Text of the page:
Colombia’s political situation is incomprehensibly complex. For decades, many different factions have competed for power, each using varying degrees of violence. These factions have included various different left-wing rebel groups, right-wing paramilitary groups, governmental political parties, the national military, and competing drug cartels.
At different times, and in different locations, these groups have created alliances. Sometimes the paramilitaries align with certain drug cartels. Sometimes they are fighting against certain cartels. Sometimes the left wing groups support the cartels. And sometimes they are fighting against cartels. Sometimes the government supports the paramilitaries.Sometimes the military supports the cartels. And sometimes the government even pardons the rebel groups, and invites them to become part of the political process.
In 1990, the M19 rebel group put down their arms, and became a political party, briefly winning various local elections before disappearing into obscurity.
Corruption within the government and the military have also contributed to the huge death toll. In an incident know as the “False Positive Scandal,” more than 1000 members of the Colombian military were investigated in the deaths of more than 3000 innocent Colombian citizens. According to the investigation, between 2002-2008, impoverished or mentally ill Colombian citizens who were lured to remote locations with promises of work. They were then killed, and reported to be members of left wing rebel groups such as the FARC.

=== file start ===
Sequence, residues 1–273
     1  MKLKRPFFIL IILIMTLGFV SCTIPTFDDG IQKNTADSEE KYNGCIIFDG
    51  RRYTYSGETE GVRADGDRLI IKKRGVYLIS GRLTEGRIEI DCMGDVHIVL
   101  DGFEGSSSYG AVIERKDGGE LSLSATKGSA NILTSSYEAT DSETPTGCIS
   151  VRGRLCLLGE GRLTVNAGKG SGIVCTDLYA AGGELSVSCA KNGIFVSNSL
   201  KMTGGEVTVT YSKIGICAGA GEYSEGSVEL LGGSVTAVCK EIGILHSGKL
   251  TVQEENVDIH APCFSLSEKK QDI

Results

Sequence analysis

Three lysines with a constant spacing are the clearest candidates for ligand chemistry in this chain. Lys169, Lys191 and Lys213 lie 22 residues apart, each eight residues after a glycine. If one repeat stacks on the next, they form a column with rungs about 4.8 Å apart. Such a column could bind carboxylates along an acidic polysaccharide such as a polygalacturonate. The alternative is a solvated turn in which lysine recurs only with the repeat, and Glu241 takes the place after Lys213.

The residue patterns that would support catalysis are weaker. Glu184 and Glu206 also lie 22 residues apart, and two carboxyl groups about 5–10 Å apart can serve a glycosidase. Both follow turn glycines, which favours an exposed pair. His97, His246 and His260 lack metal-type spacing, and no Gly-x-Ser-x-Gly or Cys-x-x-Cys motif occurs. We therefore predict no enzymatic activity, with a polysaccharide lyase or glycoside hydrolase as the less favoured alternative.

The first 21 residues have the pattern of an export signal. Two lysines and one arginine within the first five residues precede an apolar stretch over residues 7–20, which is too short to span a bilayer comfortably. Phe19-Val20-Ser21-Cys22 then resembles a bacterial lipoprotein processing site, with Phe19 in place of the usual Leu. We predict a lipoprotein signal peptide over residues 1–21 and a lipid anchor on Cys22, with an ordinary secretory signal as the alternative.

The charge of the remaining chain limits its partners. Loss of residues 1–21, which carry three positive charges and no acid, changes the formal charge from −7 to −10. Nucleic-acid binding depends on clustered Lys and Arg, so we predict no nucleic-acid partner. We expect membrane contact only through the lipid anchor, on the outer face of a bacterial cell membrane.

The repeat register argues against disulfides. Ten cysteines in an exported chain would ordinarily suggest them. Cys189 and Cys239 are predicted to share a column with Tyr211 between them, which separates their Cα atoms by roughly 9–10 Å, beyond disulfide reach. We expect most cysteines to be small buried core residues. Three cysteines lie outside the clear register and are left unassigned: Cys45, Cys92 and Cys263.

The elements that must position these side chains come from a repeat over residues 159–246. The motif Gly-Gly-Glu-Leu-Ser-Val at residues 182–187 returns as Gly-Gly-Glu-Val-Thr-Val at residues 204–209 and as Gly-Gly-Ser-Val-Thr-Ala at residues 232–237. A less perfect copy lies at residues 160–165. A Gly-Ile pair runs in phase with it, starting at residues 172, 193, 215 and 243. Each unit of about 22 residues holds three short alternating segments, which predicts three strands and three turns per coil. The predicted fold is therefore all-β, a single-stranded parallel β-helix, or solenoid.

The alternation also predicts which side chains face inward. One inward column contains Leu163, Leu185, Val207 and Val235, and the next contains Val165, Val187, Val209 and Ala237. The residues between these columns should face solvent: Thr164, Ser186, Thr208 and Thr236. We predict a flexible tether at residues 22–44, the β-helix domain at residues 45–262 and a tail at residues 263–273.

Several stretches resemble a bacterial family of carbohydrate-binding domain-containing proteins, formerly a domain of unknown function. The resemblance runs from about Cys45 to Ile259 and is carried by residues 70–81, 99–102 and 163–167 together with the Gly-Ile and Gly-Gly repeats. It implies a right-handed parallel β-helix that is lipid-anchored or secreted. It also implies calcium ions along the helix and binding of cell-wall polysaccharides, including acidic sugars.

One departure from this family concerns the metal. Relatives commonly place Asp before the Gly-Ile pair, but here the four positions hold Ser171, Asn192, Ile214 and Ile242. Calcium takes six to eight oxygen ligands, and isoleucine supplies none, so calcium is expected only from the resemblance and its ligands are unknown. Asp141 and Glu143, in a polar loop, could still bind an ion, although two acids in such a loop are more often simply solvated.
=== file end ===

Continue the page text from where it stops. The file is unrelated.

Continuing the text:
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Hundreds of thousands of Colombians have died in these conflicts. Countless more have been displaced by the violence. An unknown number have lived with mafia-style extortion, in which they were forced to pay tribute to one faction or another in order to protect their families or their businesses.
There are no “good guys” or “bad guys” here. Just a tangled web of special interests, each with a huge body count of innocent human lives. The government. The military. The rebel groups. The paramilitaries. The cartels. They have all been guilty of atrocities.
In 2014, Juan Manuel Santos won the presidency by a narrow margin in a hotly contested race. Traditionally a hawk, credited with coordinating a military raid inside of Ecuadorian territory to assassinate a FARC leader, and also associated with the “False Positive Scandal,” he shocked his nation by negotiating a peace treaty with the FARC, the last remaining armed rebel group.
Similar to the deal struck with the M19 rebels in 1990, the deal with the FARC would provide amnesty to members for past crimes. And allow the group to become part of the political process. To hold seats in the legislature. To shape the future direction of the nation.
On October 2, Colombians citizens were invited to vote yes or no. A yes vote would end the decades of armed conflict. Pre-election polls showed that a yes vote was a certainty.
Of the outcome, President Santos said “there is no Plan B.” The world prepared for the end of the decades-long conflict. In the week before the vote, NPR’s headline read “Colombia Peace Agreement Means Western Hemisphere Has No Wars.” The Guardian’s headline was “Che Guevara era closes as Latin America’s oldest guerrilla army calls it a day.” The New York Times wrote about “Colombia’s Milestone in World Peace.”
But to the shock of Colombians, and the rest of the world, voters cast their ballots for “no” by a very narrow margin.
Please read this article by journalist and activist David Andersson, who puts the surprising vote into a larger context. https://justnomore.com/news/behind-the-no-vote-in-colombia/